Imagine indoor air as a bucket: if the bucket is full relative humidity is 100%: it’s a bucket is half full it is 50% says custom Homebuilder Houston Heights.
We use the term relative humidity because the amount of moisture air can hold varies with temperature. When air at 32°F and 50% relative humidity is one to about 50°F, its capacity to hold moisture roughly double, in other words, the bucket doubled in size. But the amount of moisture stays the same, so we’ll keep humidity drops by half, to 25%. Warm the air to about 68°F in the bucket size roughly doubles again, cutting the relative humidity to 12 1/2%.
When we ventilate a house with cold, moist air, the relative humidity drops as the air warm. For example, if the outside air is 100% relative humidity at 32°F, the relative humidity drops to 25% of the air reaches room temperature.
Inside sources of moisture; such as cooking, taking showers, and drying clothes; can raise relative humidity, like a spigot filling a bucket. The goal is to keep relative humidity below 50% to avoid health issues and condensation on cold windows says custom homebuilder Houston Heights .
When air cools, the bucket get smaller, so relative humidity goes up. In cold climates, a loose rule of foam is that the real tip humidity of air that leaks into exterior walls approximately doubles for every 18°F or so that the air cools. For example, when room temperature air at 50% relative humidity cool to about 50°F, relative humidity doubles to 100% relative humidity. As that air continues to move toward a cold or exterior, excess moisture will condense into liquid water that can lead to mold and mildew , And can cause deterioration of structural and finish materials.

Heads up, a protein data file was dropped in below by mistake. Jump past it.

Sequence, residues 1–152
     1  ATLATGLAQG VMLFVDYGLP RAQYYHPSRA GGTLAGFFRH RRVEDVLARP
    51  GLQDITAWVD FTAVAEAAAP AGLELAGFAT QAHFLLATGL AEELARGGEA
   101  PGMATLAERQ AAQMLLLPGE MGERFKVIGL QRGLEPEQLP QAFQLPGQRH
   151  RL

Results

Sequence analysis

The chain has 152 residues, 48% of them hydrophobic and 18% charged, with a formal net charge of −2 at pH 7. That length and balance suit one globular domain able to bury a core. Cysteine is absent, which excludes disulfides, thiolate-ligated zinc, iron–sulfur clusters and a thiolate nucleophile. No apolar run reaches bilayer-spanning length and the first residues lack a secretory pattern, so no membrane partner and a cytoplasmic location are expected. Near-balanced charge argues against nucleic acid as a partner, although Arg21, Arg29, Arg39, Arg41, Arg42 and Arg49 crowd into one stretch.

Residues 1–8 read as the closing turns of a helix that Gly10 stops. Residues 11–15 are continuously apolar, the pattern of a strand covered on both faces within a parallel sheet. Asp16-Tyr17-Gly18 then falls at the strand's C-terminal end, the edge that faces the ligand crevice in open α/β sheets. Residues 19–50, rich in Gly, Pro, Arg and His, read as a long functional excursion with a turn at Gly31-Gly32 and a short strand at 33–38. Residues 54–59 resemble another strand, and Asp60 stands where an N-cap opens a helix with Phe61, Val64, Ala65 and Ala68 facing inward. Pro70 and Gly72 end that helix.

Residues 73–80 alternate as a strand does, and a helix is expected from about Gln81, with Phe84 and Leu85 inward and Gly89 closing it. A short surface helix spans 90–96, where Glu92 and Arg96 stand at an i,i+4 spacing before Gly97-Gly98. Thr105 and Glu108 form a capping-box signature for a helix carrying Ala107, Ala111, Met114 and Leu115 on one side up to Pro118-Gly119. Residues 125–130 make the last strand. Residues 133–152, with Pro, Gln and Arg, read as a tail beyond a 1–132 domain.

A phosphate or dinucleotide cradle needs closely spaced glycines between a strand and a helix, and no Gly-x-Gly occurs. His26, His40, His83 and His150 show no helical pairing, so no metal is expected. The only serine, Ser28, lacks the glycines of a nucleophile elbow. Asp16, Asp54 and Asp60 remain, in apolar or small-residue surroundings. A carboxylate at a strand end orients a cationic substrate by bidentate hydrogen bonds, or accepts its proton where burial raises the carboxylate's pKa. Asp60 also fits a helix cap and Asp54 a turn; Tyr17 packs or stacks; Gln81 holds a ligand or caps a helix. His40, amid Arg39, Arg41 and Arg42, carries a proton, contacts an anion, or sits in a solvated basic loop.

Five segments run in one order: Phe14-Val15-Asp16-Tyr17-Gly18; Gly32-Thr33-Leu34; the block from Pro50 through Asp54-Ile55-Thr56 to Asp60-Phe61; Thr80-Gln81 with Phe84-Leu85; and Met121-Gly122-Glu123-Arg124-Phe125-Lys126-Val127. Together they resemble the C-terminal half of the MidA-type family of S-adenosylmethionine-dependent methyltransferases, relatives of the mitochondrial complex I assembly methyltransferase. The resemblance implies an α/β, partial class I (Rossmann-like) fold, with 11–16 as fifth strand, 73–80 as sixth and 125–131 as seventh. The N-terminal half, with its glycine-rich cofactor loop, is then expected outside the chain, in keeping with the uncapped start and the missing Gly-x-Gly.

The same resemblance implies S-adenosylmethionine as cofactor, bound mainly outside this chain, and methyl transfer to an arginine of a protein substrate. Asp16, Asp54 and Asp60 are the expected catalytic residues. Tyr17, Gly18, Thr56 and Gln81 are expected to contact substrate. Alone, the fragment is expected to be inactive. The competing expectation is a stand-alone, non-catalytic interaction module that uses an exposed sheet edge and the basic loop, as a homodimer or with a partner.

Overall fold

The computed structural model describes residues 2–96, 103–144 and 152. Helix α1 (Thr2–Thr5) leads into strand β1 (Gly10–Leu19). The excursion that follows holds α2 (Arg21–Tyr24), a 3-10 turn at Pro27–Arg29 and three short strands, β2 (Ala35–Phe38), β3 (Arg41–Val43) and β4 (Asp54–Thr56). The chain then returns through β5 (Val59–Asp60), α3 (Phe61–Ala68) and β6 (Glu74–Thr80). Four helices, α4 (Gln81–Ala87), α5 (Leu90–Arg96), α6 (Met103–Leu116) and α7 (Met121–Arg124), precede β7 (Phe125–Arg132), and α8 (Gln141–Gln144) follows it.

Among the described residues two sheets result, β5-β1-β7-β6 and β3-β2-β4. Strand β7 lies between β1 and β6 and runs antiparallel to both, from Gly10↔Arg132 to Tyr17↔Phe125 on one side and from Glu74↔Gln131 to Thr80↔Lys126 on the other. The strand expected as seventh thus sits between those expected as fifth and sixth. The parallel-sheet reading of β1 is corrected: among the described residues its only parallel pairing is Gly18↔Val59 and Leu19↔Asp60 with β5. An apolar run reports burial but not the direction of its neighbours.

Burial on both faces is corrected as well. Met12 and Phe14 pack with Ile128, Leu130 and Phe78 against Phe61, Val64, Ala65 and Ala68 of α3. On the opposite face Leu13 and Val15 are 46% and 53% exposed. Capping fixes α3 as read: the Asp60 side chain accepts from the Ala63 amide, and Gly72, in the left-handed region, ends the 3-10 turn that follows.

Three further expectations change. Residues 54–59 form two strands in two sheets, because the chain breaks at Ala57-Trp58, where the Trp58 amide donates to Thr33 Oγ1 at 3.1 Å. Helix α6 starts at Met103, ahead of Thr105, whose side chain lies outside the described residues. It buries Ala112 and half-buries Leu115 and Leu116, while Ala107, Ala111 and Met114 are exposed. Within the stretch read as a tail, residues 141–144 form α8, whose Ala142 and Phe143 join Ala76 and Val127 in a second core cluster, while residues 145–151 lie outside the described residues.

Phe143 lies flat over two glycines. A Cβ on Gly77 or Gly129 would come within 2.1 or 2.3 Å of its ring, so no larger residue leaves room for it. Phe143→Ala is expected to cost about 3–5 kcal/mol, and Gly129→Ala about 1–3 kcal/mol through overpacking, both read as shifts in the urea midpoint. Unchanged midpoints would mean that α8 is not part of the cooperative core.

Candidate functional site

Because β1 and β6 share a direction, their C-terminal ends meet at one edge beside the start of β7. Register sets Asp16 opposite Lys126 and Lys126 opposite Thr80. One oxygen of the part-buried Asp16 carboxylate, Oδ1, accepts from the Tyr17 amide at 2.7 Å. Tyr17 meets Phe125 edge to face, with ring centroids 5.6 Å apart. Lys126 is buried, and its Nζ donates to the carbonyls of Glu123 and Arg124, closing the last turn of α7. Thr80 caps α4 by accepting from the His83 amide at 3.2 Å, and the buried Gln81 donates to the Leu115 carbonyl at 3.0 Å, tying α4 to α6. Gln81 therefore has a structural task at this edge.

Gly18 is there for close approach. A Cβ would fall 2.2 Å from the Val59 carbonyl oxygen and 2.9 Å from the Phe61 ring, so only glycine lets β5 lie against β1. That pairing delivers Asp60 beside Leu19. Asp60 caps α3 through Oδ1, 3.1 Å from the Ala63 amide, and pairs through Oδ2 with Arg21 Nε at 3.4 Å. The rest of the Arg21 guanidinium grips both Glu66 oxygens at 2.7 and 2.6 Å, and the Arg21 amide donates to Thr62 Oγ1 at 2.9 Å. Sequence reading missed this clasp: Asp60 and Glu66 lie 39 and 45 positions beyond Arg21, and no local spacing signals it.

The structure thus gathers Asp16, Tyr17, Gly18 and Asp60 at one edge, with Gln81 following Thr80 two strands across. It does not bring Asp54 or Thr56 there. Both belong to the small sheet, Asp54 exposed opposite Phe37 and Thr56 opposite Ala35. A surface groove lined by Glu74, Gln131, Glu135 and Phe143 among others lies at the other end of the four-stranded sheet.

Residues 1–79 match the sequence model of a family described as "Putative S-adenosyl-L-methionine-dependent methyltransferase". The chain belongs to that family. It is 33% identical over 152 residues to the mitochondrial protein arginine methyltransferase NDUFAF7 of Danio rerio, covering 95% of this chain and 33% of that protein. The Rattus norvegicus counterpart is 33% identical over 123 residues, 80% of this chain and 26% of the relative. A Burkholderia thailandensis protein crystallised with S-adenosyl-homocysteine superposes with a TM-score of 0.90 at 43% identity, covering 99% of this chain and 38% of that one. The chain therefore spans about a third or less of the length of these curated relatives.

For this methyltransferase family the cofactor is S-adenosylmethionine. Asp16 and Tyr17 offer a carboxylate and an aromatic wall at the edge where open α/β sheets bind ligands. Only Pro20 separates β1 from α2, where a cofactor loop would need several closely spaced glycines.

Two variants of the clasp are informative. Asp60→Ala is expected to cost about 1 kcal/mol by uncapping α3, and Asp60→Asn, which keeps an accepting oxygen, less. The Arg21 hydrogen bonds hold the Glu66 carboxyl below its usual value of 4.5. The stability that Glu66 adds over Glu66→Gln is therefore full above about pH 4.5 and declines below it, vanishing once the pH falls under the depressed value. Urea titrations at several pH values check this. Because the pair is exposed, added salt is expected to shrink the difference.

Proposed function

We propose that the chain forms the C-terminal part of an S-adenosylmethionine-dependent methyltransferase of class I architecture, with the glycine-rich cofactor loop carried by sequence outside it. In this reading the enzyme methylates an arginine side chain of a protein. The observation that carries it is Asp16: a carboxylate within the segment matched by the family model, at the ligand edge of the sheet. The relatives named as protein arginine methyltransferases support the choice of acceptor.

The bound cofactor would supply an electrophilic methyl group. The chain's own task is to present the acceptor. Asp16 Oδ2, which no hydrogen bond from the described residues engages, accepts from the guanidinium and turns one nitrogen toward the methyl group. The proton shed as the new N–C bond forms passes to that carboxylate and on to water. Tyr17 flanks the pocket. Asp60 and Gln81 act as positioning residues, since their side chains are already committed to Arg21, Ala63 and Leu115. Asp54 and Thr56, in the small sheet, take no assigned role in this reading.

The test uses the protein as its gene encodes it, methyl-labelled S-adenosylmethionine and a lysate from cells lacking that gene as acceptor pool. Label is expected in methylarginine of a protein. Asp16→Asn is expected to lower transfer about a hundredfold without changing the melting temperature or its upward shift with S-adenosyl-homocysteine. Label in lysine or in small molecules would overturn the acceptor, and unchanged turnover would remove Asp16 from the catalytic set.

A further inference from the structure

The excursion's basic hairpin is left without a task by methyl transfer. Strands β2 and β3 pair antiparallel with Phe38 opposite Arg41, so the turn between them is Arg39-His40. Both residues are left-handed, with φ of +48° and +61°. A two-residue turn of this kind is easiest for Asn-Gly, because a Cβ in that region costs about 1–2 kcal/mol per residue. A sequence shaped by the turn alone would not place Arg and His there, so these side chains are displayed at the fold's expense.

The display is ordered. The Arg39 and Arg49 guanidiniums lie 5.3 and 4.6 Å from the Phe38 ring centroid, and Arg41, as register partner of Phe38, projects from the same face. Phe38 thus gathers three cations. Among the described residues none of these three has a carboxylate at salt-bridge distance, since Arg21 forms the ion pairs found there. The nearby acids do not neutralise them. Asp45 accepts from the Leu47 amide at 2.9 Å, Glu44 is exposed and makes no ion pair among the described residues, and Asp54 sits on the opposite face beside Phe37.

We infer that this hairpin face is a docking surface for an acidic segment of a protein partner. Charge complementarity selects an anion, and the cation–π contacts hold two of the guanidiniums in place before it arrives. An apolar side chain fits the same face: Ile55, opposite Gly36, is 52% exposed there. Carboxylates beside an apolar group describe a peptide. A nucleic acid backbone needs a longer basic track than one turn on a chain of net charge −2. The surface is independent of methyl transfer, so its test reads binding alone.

In southern climate, such as in Houston, custom homebuilder Houston Heights has the opposite problems as described in the examples above. We have warm, moist air trying to get inside a cool, dry house. As the warm air interest through the exterior wall and hits a cold interior wall, the moist air will tend to condense on the inside Of the wall cavity. If there is insufficient ventilation, mold and mildew will form. That is why it is so important to have a good type of insulation so the moist air cannot touch the cold wall.